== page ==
This Is The End / FAME
I wanted to relate to you (and you, and you, and you and you and you) the embarrassing, pleasurable (embarrassingly pleasurable) final fragment of my dream the other night. I was at a coffee shop, a sweet hippie-hipster spot somewhere rural-ish, almost a converted barn, and there was one other person at another table, a man, and a young woman serving. She called out "Rebecca" to deliver a cappuccino to whoever had ordered it, and I hadn't, so I said "I'm Rebecca, but I didn't order that," and she said "Rebecca Wolff?" and I said "yes," and then she and the man began blushing and twittering, kind of communing with each other in relation to me, and saying things like "Wow, I can't believe we have a famous writer in our coffee shop." And I said, loudly and distinctly, with sincere modesty but also blushing appreciation, "You jest!" And then the alarm went off and I woke.
It's been a long time since I've had a dream that wasn't a nightmare or at least an exercise in banal anxiety (first day teaching workshop and I am accosted by someone I didn't let in; reading on stage and I forgot to pick which poems and people start leaving).
Does everyone really want to be famous? I know I did, and when I think about it, my desire for fame was at its peak when I was about 14 or 15, in part activated by my avid reading of the Village Voice, especially Michael Musto's column, and my frequent attendance at New York City's then quite dingy and fun nightclubs, such as Danceteria and Nell's and the Roxy (my second appearance in print, at nineteen, was a letter to the Voice I wrote correcting Musto on a Danceteria doorman's name or something, smarty-pants), where I saw that people became famous in a vague way, for just being them. There was one famous young man in particular with shoulder-length, bleached hair and an aquiline, androgynous beauty who was practically glowing, he was so famous (bully for you, chilly for me). I wanted to be famous for just being me, too, and maybe this is why I didn't get into Wesleyan on my first try (I didn't get into Wesleyan on my second try, either, but that's another story), as I distinctly remember that my answer to the essay question about what I thought I would bring to campus, figuratively speaking, was answered existentially, something like "I'll just bring me, and there's no one else like me, so what I will bring is unparaphraseable." Can you fucking believe that?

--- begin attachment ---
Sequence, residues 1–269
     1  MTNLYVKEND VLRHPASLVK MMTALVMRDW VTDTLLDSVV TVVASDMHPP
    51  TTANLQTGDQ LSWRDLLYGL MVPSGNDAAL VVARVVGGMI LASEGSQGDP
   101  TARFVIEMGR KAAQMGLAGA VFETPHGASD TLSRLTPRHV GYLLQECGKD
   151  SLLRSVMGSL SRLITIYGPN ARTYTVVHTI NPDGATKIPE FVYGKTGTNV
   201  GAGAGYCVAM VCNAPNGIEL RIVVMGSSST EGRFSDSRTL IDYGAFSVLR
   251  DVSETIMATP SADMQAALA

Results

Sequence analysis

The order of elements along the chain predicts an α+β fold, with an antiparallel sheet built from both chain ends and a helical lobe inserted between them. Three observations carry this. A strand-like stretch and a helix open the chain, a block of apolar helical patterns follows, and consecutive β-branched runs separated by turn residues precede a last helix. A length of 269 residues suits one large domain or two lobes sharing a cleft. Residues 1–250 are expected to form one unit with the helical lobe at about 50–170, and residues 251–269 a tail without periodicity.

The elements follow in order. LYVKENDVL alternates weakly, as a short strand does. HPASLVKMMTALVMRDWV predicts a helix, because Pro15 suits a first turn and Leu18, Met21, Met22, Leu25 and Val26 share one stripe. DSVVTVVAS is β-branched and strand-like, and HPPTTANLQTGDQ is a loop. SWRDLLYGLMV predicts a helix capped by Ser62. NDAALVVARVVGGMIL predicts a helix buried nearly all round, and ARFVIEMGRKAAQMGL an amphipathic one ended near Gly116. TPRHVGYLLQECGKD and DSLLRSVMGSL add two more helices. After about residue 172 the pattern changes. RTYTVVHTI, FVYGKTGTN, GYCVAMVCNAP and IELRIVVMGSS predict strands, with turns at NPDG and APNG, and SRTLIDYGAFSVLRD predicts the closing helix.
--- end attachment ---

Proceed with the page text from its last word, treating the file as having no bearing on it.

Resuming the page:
They're bringing out the movie Fame again, which made me think about Talent. Those were some talented kids, no? That Irene Cara could really sing, and dance (wow, I had forgotten how ironically sad those lyrics are, for her: "you ain't seen the best of me yet" indeed). Does the concept or trope of talent apply to writing in the same way? In the performing arts "talent," at least in its everyday, Idolatry usage, such as "My daughter is so talented," often means that she can very effectively re-create an effect that she has seen, or heard, and that people will appreciate this ability. Whereas in writing this means the opposite of talent; talent in writing has something to do with the impulse to do something that not most people do, or would immediately grasp as advisable, or favorable. When I wanted to be famous it had nothing to do with desiring to be talented, and I shirked every duty or practice that might have wrought or stoked some recognizable talent in me. It never occurred to me that I ought to seek fame as a writer (though novelists have a better chance of getting famous, and I did finally sell my novel, The Beginners, to Riverhead Books), though I wrote continually, and now to find that I seek it in my dreams--and obtain it!--is deeply amusing. To me.
Farewell to speaking to you, and you, and you and you and you. And farewell to an era. I'm feeling SUPER fin de siecle atm, as Brandon Downing said to me the other day--he said "atm," not fin de siecle, and by it meant, which took me ages to work out, "At the Moment")--with this whole brouhaha at Triquarterly. It's just that weird moment where something that crept up on us disguised as sci-fi (we spend hours a day staring at monitors: Wall-E? It's not even sci-fi, it's a children's animated movie) (and there are many many people alive today who are so unused to eating real food that they become too fat to live and require surgery to remove parts of their stomachs), such as the inaudible transition of book-objects from use objects into artifact objects gets happening, whoosh. A different kind of blink from the Gladwell Blink. There must be a name for it?
Born and raised in New York City, Rebecca Wolff earned an MFA from the Iowa Writers’ Workshop. She authored Manderley (2001), selected for the 2001 National Poetry Series; Figment (2004), winner of the Barnard Women Poets Prize; The King (2009); and One Morning— (2015). Her work has appeared in BOMB...